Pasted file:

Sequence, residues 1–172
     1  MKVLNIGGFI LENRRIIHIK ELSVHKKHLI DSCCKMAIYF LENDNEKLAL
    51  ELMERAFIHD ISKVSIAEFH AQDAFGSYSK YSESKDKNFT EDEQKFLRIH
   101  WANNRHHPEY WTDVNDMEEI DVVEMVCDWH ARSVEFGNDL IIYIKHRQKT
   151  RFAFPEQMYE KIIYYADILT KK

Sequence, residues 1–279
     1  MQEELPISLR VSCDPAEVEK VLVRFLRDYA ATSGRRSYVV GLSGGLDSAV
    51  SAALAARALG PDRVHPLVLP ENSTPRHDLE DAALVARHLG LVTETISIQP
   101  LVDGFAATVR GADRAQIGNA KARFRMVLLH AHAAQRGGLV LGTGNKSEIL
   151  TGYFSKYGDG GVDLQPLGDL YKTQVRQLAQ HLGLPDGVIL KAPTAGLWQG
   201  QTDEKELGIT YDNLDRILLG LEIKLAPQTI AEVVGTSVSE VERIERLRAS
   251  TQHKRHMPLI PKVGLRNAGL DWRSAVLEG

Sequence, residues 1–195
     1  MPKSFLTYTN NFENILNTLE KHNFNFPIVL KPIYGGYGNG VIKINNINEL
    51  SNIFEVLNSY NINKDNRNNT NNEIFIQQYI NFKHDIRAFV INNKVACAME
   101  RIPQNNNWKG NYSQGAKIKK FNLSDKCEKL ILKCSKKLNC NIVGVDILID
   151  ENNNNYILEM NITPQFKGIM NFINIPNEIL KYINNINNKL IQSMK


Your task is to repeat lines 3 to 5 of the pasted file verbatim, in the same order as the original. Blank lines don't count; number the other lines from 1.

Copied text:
    51  ELMERAFIHD ISKVSIAEFH AQDAFGSYSK YSESKDKNFT EDEQKFLRIH
   101  WANNRHHPEY WTDVNDMEEI DVVEMVCDWH ARSVEFGNDL IIYIKHRQKT
   151  RFAFPEQMYE KIIYYADILT KK